What happens when parents sell

Age pension recipients should be wary of reducing their returns when unloading property, writes George Cochrane.

Age pension recipients should be wary of reducing their returns when unloading property, writes George Cochrane.

MY PARENTS and I own a house together and have equal shares among the three of us. The house has been their home for 20 years and I did not charge them rent on my portion of the house. One year ago mum and dad, who are in their 70s, moved to my brother's rental property to be near us and we rented out their old home and received $320 a week. The money is paid to my brother as rental payment from my parents. The market rent for his house should be $360 a week. Now my parents want to sell the old house but we are not sure what to do with the money after the house is sold. They want to be fair and give my brother some rent. Please suggest some ideas to deal with my parents' old home selling or renting or what to do with the proceeds. A.A.

Your parents own two-thirds of their house and their portion is exempt from capital gains tax for the period that it was their principal residence and a further six years after they began renting it and living in your brother's property. So there is no CGT reason for them to sell in a hurry.

However, you state that they wish to sell now and thus you will be subject to CGT. From your 33 per cent share, subtract one-third of the costs of buying and selling plus any capital improvements, then add 50 per cent of your net gain to your taxable income this financial year.

If your parents notified Centrelink when they moved out of the house, they are already being assessed as "non-home owners" by the assets test. This then ignores the first $265,000 before it begins to reduce their age pension.

Under the income test, rent is counted dollar for dollar and thus, at present, their two-thirds share of the rent comes to $427 a fortnight or $11,099 a year. Because a couple can have up to $264 a fortnight before their age pension is reduced, the income test would also be reducing their pension. Whichever produces the lowest pension is used.

However, if they sell the house, their cash and any other "financial investments" will be "deemed" to earn 3 per cent on the first $74,400 and 4.5 per cent on the rest. Thus, if they net $240,000 and invest this in term deposits at 5 per cent, they will earn about $12,000 a year, or $462 a fortnight. If they pay your brother $360 a week, they will still have about $102 left over. But the income test will deem them to earn $372 a fortnight or $9684, so the income test would allow a higher pension while they also receive a higher investment return.

I would stick to term deposits for now while economic uncertainty is this high.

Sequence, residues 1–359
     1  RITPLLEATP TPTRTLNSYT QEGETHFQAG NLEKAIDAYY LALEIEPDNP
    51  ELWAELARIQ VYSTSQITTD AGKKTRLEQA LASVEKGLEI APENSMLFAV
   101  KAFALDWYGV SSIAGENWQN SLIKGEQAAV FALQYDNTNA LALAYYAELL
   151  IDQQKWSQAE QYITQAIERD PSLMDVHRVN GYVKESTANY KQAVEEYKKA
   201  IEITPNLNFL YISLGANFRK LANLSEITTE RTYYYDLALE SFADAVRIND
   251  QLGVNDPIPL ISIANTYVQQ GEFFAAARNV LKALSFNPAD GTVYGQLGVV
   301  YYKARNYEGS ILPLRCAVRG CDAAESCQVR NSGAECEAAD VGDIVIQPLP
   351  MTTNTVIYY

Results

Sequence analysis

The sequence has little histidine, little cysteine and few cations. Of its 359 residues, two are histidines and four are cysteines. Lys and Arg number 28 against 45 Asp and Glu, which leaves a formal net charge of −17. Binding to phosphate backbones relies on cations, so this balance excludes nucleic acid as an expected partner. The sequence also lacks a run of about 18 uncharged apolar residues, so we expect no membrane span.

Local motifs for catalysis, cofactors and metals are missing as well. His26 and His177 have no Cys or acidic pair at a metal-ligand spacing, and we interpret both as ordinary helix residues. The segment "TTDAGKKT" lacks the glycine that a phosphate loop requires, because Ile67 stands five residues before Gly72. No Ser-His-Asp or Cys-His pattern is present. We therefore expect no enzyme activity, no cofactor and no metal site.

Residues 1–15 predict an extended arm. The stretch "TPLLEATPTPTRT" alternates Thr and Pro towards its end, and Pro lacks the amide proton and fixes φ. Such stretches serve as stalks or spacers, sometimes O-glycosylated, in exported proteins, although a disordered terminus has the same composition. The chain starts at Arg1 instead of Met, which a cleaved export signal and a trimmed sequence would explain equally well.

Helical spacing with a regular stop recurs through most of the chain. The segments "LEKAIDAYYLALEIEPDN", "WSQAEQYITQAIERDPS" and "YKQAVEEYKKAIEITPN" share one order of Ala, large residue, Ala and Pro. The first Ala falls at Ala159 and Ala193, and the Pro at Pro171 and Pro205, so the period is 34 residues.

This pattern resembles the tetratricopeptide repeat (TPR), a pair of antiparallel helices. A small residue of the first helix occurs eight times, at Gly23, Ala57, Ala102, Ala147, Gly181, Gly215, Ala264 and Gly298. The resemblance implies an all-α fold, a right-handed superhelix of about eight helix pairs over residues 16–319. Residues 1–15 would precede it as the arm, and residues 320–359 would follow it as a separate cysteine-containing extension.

Pension confusionThe letter "Rules Britannia" (Investor, January 29) not only attracted my interest but it was referred to in an article in The Sydney Morning Herald. Can you please explain how a self-funded retiree who clearly has income and assets above both thresholds can claim any sort of pension, let alone a generous $12,300 a year? I.B.

One of the problems with our financial jargon is that the word "pension", when used alone, can refer to both an age pension, paid by the government from taxpayers' money, or a superannuation pension, paid from an employer's fund and usually financed by employer and employee.

The clue, which you noted, was that the reader stated he (or she) was "self-funded" and hence the pension would have been superannuation. Given that the individual was receiving this and also had a lump sum in an industry super fund, I suspect it was a state or federal government superannuation fund, and the recipient probably worked long and hard to earn it.

Beware the fine printI would be most interested to know how you arrive at a figure of $1,018,000 as the disqualifying figure for receiving a part age pension in light of the (enclosed) rejection advice. I am 80 years old and my wife is 70. Our assets total $308,840, yet Centrelink assesses total combined assets at $724,274. The complicating factor is that four years ago we took half our super and bought a house for $370,000 for a dependant son, now deceased. So we have no idea and have been unsuccessful with inquiries to Centrelink as to how it arrived at its figure. Your article in Investor on February 26 would appear to be incorrect. A.H.

You are quite right that Centrelink's letter to you is headed, in 14-point bold type, "Rejection of your claim for Age Pension". However, the second line, in 10-point type, reads: "We cannot pay you an Age Pension because we have not received a reply to the letter/s we sent you."

When in doubt, read the instructions or, in this case, the second line, then reply to its letters.

Your gift to your son was more than the maximum $10,000 gift permitted in any one year (and $30,000 over five years) and hence the excess is counted by the means tests for five years. This will be dropped in a year's time.

You will soon be right in that the disqualifying figure for the married age pension for home owners is not $1,018,000 because, as from March 20, this top threshold rises to $1,024,500. It seems a bit absurd that some people (not yourself) with more than $1 million and a house should still be able to claim welfare benefits from the taxes I have to pay but that's the way it is for now. As we've seen in Europe, and especially Greece, absurd financial conditions seem to carry on for decades until economic forces instil a vicious discipline, then it all ends in tears.

If you have a question for George Cochrane, send it to Personal Investment, PO Box 3001, Tamarama, NSW, 2026. Helplines: Financial Ombudsman, 1300 780 808 pensions, 13 23 00.

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